When it comes to pricing strategies, here’s one every eCommerce seller should use: addressing customer pain points. 

The way to address pain points in a pricing strategy is simple. You just consider what issues a shopper for your item might face pertaining to cost and discuss them in your listing. For example, if you sell crafting supplies on Amazon, try product listing language such as, “Why pay more for sidewalk chalk when you can get it here for less?” 

Directly addressing your customer’s pain points and how your pricing alleviates them can go a long way toward increasing your sales and keeping buyers coming back for more. Of course, this strategy only works on economically priced items. If your products cost significantly more than your competitors’, the above statement would be untrue and could backfire. Be sure to address pain points in ways that are honest and accurate to your offerings. 


The pain point pricing strategy tells customers exactly how your product’s cost will meet their budgetary needs, resulting in better sales and happier shoppers. 


This method should only be used if what you are saying is actually true. For instance, if you inaccurately claim to offer the lowest price on an item, you could wind up deterring customers rather than attracting them.

best practices - Replyco Helpdesk Software for eCommerce


Practically every shopper in the world has taken advantage of economy pricing strategies at some point or another. This technique involves offering a low-priced but similar-in-function alternative to name-brand items. 

Generic medications and store-brand sodas are a great example of economy pricing. These products offer virtually the same exact features and benefits of their name-brand counterparts, but for sometimes significantly lower costs. 

Your main objective when selling economy products is to make a profit off of volume sold. If you sell discount tissue, for example, you may only make $1 on each item sold — but you could easily sell hundreds of them thanks to attractive pricing. 


The upside to economy pricing is that you can make your profit from selling a large number of items. Attractive prices tend to keep shoppers coming back for more and encourage steady business.


The potential downside to economy pricing is that it can lead to being very busy. Of course as an online seller, you want to be busy, but you also need to be sure you are equipped to handle a high volume of orders. Also, this approach means you make your profit off of lots of little sales. So you will need to ensure you keep items stocked and available to buyers.


One of the most tried-and-true pricing strategies in history is decoy pricing. This method involves offering multiple similar items at different price points in order to influence shoppers to go for a specific one. 

An extremely recognizable example of this technique is evident in movie theaters. If you are in line at the concession stand and see three different drink options: small, medium and large, which one do you choose? Countless studies have shown that most people choose medium. This is because they believe a small will be too little and a large will be exorbitant.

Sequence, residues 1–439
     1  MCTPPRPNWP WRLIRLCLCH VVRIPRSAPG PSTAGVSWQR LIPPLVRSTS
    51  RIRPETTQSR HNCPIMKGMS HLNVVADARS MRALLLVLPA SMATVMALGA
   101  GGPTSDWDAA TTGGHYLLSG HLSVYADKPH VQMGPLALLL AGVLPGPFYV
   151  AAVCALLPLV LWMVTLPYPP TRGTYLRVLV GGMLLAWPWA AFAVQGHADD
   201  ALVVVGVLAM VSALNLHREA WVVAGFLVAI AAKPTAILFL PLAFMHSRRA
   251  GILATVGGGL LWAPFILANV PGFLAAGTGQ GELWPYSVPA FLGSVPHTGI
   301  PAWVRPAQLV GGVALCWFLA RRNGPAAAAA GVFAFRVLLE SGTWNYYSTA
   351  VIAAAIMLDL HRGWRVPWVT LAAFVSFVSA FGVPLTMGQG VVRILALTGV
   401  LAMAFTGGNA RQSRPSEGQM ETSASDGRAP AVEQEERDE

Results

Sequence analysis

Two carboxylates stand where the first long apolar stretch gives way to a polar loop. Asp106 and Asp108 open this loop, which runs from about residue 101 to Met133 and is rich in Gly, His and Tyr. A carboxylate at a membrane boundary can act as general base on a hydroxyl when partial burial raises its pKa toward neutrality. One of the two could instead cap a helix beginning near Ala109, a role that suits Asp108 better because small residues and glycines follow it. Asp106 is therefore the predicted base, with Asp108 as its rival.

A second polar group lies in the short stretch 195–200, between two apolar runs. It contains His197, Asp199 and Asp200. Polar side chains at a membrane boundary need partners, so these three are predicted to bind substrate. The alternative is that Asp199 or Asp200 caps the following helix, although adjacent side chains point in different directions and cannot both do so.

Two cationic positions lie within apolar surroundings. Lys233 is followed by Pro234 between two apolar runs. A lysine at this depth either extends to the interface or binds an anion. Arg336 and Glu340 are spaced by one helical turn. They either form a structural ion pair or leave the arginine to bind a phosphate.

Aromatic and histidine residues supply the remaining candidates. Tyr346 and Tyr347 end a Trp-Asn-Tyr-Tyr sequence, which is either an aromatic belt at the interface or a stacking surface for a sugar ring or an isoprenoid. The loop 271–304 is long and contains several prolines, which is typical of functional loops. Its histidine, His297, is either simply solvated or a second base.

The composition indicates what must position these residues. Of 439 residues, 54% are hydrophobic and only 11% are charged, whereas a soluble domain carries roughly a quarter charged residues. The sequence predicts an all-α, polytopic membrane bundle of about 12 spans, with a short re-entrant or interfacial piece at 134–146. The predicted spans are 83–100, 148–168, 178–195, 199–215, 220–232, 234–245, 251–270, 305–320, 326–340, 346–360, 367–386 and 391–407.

In reality, the movie theater wants you to choose the medium, because that’s where they make the highest profit margin. The amount of product in the medium cup is hardly more than the amount in a small, but the theater will make more money off of it. 

Decoy pricing works like this: when presented with three options, customers overwhelmingly select the median. So make the product you actually want to sell the median option and offer a low-end decoy option and a high-end decoy option. 


The benefit of decoy pricing is clear: it enables you to make your target product seem more attractive by offering higher and lower priced / featured options. 


With decoy pricing, figuring out the right price point for each option can prove challenging. It is important to set your median product’s cost at a rate that is competitive with similar items available from other sellers, while your high- and low-end products should be priced in a range that makes sense for the features offered.

Compromise Pricing

Compromise Option

Similar to the decoy methodology, the compromise option pricing strategy also uses comparison to make a specific product more attractive. 

In this case, sellers typically present two items. One product will be slightly high-priced with potentially more features than the average shopper needs. The other product (the one you are actually trying to sell) will be fairly priced and framed as an ideal compromise of features and cost.

A higher priced item effectively makes the target product much more attractive by comparison. Shoppers are frequently left with the mindset, “I don’t want to spend more for features I don’t need, so this product fits perfectly with my wants and budget.”


The upside of compromise pricing strategies is that you are presenting your store as a place where shoppers can get what they need and want at a good price. This method can enable you to position yourself as a leader in matching your offerings with customer needs. Additionally, you may also still sell some of the higher priced items, as certain buyers will still go for the full-featured version.


When it comes to compromise options, one risk to avoid is framing your product as too much of a bargain. You want the item you’re selling to seem like a great deal, but not like a low-end choice. Finding the right balance between value and features is key.

Premium Option

The flipside of the compromise pricing strategy is the premium option. This method offers a premium item that, even though it might be expensive, seems more attractive when positioned next to a bare-bones product.